That's my understanding as well. It's nice that Yale will still pay off your loans if you decide to become a high school teacher or something, but the salary thresholds and contribution amounts are similar to what you would get from Stanford. At the end of the day, Stanford, Yale, Columbia, Berkeley, and NYU all have substantially similar LRAPs. The fairly minor differences between those LRAPs is probably not a good reason to pick one of those schools over the other.


I have YSB>C>N for LRAPs. OP, Stanford's LRAP is basically the equivalent of a full ride, but Columbia's human rights program looks amazing. I'd prolly do CLS, but it's tough.

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tinman
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Re: Columbia Full Ride v. Harvard/Stanford for Public Interest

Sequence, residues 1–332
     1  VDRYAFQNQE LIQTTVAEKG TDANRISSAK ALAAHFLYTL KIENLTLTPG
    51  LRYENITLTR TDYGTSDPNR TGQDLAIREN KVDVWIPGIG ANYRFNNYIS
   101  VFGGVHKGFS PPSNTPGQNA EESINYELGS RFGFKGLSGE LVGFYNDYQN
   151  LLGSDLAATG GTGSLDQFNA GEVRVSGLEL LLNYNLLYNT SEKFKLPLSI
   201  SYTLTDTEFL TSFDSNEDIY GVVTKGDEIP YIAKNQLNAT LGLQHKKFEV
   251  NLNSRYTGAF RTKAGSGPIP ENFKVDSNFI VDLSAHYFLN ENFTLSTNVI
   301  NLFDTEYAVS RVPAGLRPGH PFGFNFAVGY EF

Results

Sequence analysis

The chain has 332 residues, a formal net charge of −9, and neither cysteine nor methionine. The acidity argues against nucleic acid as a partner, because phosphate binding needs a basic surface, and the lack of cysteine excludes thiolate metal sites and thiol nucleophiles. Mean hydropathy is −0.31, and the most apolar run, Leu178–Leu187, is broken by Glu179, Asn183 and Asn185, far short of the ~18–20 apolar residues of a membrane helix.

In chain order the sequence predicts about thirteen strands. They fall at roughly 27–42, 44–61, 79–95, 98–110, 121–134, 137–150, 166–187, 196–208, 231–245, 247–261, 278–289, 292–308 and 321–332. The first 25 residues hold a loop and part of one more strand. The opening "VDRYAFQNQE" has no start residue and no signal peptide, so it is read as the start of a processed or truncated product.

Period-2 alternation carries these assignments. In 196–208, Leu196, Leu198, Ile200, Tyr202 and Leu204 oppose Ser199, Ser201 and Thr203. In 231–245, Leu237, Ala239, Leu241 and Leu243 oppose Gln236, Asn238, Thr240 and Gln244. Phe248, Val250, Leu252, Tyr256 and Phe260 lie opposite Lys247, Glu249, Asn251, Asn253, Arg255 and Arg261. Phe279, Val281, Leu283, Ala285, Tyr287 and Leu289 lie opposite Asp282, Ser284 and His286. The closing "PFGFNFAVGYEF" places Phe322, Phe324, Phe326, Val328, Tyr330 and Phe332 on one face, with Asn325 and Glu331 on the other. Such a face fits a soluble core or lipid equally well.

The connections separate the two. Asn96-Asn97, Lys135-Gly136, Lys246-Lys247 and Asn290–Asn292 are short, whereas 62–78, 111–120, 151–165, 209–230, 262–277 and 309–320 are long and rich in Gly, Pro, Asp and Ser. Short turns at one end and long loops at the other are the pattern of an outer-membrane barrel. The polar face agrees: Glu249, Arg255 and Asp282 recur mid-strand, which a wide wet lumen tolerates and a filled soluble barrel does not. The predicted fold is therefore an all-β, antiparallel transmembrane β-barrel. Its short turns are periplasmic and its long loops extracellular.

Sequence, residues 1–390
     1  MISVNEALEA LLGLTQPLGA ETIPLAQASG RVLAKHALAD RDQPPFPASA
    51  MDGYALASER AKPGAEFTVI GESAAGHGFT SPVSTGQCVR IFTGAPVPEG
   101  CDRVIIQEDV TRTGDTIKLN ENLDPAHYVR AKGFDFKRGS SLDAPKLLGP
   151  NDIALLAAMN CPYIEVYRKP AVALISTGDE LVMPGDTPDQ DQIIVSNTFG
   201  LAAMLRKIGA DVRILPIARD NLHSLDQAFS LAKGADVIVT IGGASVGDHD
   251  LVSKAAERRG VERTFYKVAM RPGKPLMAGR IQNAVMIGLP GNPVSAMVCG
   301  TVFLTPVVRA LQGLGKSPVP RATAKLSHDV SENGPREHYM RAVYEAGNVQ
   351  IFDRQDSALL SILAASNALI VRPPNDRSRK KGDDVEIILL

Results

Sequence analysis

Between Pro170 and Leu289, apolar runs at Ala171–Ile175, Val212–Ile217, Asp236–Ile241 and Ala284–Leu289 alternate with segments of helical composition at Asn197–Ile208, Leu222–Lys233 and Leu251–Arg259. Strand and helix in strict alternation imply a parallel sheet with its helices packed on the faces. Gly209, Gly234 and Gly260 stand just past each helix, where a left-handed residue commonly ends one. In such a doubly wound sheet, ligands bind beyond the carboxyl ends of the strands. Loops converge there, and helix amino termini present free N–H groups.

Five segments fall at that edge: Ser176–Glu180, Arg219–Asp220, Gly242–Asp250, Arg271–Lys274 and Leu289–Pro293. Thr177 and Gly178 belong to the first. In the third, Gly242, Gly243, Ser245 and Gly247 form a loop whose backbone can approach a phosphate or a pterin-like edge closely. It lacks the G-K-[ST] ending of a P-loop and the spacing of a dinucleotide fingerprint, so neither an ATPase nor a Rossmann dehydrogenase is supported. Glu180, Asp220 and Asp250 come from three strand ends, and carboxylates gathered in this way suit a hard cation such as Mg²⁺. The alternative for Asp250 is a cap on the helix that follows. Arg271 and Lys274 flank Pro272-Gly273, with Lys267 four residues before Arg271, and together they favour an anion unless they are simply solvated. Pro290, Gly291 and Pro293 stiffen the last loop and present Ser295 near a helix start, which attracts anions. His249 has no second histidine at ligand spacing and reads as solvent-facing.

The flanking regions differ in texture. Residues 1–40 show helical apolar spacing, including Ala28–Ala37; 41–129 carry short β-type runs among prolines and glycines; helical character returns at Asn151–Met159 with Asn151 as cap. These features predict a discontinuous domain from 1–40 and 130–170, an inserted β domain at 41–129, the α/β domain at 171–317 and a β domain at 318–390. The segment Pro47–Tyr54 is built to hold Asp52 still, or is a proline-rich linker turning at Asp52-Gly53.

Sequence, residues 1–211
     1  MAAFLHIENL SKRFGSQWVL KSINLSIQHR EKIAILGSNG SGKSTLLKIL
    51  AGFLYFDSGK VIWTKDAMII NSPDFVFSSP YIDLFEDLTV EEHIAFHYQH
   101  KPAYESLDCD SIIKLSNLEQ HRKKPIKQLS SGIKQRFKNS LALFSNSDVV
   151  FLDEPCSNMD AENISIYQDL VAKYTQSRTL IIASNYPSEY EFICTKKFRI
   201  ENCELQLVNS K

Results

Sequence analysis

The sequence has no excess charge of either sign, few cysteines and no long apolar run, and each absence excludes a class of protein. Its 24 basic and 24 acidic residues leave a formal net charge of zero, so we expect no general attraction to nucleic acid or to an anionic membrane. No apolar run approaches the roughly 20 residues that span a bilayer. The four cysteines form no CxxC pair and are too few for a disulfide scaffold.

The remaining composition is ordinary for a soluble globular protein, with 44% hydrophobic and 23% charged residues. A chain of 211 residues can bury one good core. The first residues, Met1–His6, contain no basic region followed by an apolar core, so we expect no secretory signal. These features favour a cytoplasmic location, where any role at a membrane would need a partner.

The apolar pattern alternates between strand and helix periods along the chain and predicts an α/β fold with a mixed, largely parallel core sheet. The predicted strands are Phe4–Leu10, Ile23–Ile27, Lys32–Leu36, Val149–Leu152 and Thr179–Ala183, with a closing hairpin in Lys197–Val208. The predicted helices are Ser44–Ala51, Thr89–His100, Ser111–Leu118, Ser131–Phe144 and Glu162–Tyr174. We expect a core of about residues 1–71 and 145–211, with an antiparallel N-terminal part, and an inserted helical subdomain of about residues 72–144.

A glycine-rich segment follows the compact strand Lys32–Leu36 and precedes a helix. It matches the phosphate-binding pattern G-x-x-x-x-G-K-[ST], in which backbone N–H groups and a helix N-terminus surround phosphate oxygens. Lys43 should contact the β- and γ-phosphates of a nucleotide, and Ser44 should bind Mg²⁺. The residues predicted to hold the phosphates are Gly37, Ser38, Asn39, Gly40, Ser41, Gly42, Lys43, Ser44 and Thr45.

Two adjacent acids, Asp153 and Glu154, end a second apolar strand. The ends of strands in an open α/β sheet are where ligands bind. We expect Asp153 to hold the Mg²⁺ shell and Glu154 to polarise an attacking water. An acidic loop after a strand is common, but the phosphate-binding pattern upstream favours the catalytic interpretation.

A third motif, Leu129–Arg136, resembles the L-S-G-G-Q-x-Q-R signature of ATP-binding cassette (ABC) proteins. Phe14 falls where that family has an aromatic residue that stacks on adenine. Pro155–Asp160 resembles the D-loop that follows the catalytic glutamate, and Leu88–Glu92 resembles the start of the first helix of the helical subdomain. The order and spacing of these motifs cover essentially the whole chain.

Postby tinman » Sat Feb 06, 2010 2:15 pm

Dignan wrote:
crackberry wrote:
tinman wrote:S and H have decent LRAP programs (Yale's is the best, and they are also great for public service, not sure whether that is an option for you).

Just wondering, other than the thing about being able to do any sort of work (ie. non-legal work) and still being covered under LRAP, why is Yale's LRAP so much better than Stanford's? I know Harvard's is the worst of the three, but I thought YS were pretty similar (minus that one advantage).

That's my understanding as well. It's nice that Yale will still pay off your loans if you decide to become a high school teacher or something, but the salary thresholds and contribution amounts are similar to what you would get from Stanford. At the end of the day, Stanford, Yale, Columbia, Berkeley, and NYU all have substantially similar LRAPs. The fairly minor differences between those LRAPs is probably not a good reason to pick one of those schools over the other.